Some companies adjust their premiums on a quarterly basis; that means if they pay a claim they can raise your rates in the next period. Make sure the company you choose offers contracts for at least one year, with no fee-rise adjustments if you submit a claim.

Renewability

You want a plan that doesn’t consider a condition diagnosed after you first contracted with the company as pre-existing, and thus as a reason for not renewing your insurance.

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7 Comments

  1. Posted September 8, 2009 at 9:07 am | Permalink

    Which insurance program do you use?

    • admin
      Posted September 8, 2009 at 9:34 am | Permalink

      I’m assuming you’re asking Susanne, my guest blogger, since I don’t have insurance (sigh). She is probably sleeping right now — or in the middle of her work day; I can never figure out what time it is in Australia! — and I’m not sure if her insurance is available in the U.S.

  2. Clare
    Posted September 8, 2009 at 5:15 pm | Permalink

    Excellent coverage of the subject from both of you. Thanks. But what if you adopt a dog whose age and pedigree are unknown? What do insurers say about that?

  3. Susanne
    Posted September 9, 2009 at 12:05 am | Permalink

    In response to Clare: Generally exclusions for hereditary conditions are applied to purebreds, but check with the insurer before signing on. Crossbreeds tend to have the benefit of what is called hybrid vigor, which lessens their risk of genetically inherited problems that can arise in some breeds from years of unscrupulous breeding (i.e. using inferior breeding stock or inbreeding – that’s a whole other issue, don’t get me started!).

    If age is unknown, a vet should be able to determine if the dog is young, middle aged, or an older animal, although obviously they would not be able to tell the exact age. My thinking is that if a vet were to give you a written estimation of the dog’s age range, the insurance company should be okay with this, but it is not something I have looked into myself. I am sure that a quick call or email to a potential insurance company’s customer service center would let you know for sure what their requirements are in these types of situations.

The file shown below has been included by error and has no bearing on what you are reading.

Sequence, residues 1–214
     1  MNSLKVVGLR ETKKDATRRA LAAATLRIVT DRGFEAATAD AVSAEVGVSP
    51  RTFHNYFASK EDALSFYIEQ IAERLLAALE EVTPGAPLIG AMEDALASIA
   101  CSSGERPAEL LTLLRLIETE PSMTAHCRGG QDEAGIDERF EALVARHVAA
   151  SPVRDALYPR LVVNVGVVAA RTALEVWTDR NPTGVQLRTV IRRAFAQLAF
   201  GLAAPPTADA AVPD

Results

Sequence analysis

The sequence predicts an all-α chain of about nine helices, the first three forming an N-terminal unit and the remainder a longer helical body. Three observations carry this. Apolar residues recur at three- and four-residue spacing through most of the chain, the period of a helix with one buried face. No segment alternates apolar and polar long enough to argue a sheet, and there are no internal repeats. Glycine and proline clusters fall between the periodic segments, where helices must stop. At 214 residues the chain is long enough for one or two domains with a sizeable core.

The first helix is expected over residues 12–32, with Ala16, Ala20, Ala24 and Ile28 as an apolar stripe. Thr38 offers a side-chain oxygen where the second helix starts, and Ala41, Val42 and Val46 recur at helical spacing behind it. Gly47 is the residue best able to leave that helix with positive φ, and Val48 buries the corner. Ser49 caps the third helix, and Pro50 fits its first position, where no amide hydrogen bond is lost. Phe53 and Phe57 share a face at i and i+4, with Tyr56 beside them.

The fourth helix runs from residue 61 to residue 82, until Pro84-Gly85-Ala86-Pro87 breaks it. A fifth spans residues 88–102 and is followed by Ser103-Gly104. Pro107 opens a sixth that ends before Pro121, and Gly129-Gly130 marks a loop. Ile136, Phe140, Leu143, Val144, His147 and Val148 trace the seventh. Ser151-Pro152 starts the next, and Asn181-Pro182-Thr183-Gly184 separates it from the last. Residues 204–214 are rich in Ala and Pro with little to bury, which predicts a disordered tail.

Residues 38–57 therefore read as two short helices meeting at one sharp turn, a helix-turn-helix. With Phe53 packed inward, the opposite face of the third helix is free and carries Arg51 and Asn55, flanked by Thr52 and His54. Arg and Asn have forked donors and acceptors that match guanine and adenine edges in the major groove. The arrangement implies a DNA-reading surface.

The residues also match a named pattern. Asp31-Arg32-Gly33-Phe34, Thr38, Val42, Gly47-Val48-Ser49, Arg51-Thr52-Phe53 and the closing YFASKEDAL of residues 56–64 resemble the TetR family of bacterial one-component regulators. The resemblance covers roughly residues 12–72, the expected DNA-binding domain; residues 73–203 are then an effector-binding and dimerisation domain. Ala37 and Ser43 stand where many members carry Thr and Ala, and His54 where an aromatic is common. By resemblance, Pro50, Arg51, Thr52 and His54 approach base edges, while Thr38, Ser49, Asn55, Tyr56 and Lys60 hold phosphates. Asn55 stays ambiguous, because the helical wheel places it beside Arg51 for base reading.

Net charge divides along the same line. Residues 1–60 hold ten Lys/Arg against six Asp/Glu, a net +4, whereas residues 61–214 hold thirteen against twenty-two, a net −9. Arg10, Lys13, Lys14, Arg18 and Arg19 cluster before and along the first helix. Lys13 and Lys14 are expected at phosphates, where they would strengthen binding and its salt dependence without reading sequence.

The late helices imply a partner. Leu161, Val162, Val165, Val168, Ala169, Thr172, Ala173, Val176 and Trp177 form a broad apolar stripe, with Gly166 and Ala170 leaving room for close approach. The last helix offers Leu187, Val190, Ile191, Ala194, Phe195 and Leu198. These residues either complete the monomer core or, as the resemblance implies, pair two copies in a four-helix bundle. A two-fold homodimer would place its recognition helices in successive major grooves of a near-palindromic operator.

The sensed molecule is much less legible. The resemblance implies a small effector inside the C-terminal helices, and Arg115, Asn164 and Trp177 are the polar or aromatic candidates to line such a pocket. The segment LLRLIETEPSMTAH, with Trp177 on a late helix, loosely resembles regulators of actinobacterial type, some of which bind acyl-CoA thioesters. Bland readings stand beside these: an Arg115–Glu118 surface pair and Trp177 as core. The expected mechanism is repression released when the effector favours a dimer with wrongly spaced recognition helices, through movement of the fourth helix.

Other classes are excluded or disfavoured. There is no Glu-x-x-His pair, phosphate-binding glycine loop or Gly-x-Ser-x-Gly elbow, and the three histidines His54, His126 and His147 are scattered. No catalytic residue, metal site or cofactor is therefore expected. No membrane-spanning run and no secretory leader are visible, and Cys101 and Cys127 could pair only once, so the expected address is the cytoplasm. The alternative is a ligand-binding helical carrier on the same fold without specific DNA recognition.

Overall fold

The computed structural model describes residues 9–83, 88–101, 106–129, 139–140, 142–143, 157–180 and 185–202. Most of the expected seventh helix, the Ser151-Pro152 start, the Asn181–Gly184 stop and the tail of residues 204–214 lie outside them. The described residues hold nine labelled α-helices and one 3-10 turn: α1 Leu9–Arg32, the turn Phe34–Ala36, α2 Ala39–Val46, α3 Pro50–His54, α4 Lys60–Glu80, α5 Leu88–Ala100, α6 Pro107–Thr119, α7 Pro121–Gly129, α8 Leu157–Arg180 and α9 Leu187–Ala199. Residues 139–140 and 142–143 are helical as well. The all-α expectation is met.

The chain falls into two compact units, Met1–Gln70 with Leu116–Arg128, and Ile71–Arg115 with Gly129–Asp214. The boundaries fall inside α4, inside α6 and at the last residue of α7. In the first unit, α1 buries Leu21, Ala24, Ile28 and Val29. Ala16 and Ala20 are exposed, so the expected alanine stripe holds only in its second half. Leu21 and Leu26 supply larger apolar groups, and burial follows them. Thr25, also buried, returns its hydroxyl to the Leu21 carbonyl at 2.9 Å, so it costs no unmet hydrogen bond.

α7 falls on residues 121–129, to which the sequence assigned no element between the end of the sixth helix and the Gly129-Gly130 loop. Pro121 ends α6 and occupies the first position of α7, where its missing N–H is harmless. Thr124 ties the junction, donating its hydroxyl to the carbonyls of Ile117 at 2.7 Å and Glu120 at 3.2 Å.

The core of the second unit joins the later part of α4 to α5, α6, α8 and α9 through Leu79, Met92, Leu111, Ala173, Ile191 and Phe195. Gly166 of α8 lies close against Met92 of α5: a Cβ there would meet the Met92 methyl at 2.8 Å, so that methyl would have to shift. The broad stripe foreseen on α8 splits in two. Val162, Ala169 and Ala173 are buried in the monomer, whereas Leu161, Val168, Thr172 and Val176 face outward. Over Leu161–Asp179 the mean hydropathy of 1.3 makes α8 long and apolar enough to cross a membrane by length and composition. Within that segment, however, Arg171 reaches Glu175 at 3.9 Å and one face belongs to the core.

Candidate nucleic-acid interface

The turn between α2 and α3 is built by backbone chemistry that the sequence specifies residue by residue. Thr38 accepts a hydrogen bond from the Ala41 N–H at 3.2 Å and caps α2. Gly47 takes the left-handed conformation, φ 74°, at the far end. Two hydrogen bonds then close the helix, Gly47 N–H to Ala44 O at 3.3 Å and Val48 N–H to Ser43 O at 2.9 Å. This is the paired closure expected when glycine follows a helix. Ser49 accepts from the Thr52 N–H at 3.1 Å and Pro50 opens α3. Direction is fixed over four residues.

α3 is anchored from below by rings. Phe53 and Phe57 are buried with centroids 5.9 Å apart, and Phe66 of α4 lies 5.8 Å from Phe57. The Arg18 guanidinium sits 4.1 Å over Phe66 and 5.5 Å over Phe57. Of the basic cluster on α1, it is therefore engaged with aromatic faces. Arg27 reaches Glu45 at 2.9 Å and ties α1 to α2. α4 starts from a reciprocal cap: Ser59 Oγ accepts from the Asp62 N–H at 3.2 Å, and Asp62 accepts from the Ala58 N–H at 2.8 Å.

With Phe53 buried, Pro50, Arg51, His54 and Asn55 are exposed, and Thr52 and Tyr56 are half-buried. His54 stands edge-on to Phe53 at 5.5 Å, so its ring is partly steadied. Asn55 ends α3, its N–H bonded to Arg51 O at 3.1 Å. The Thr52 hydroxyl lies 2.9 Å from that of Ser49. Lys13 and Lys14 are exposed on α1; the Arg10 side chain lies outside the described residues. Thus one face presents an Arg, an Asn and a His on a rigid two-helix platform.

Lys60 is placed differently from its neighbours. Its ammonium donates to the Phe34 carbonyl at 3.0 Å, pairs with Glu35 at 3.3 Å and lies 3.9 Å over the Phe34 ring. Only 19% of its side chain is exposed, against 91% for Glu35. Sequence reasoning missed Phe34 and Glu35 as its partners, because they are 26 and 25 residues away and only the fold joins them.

• admin
      Posted September 9, 2009 at 7:31 am | Permalink

      Well, Blondie — as Jasmine is fond of calling you on Twitter — you’re too darn smart and helpful for your own good. I’m going to have to enlist you to do more blog posts for me while I sit back and eat chocolate bon bons (to Frankie’s great disgust and envy).

      Seriously, thanks again for your great info, both in the post itself and your answer to Clare. I was about to answer myself, honest, when a lightening storm forced me to shut down my computer, but I’ve got to admit your answer was far more thorough than mine might have been!

  4. Clare
    Posted September 9, 2009 at 6:32 pm | Permalink

    Yes, Susanne, excellent response. Purely academic for me at this point, as my dog is geriatric and beyond insurance beyond a doubt. Wish I’d known this when he was much younger. Thank you.

  5. Susanne
    Posted September 11, 2009 at 3:09 am | Permalink

    What’s that about chocolate bon bons? Are you holding out on me and Frankie? No wonder he’s giving you the stink eye, nobody likes a bon bon hog! (& by the way flattery will get you everywhere 😉 )

3 Trackbacks

  1. […] that's what Tom (and Edie Jarolim – a speaker for the BlogPaws 2010 conference, which PurinaCare is helping to sponsor) said in […]

  2. […] that's what Tom (and Edie Jarolim – a speaker for the BlogPaws 2010 conference, which PurinaCare is helping to sponsor) said in […]

  3. […] pet health insurance, as I discussed in two earlier posts, Health Insurance for Pets? Hell Yes! and Pet Insurance, Part 2: Jasmine’s Story. But Frankie isn’t insured because, by the time I discovered it was an option, he was a senior […]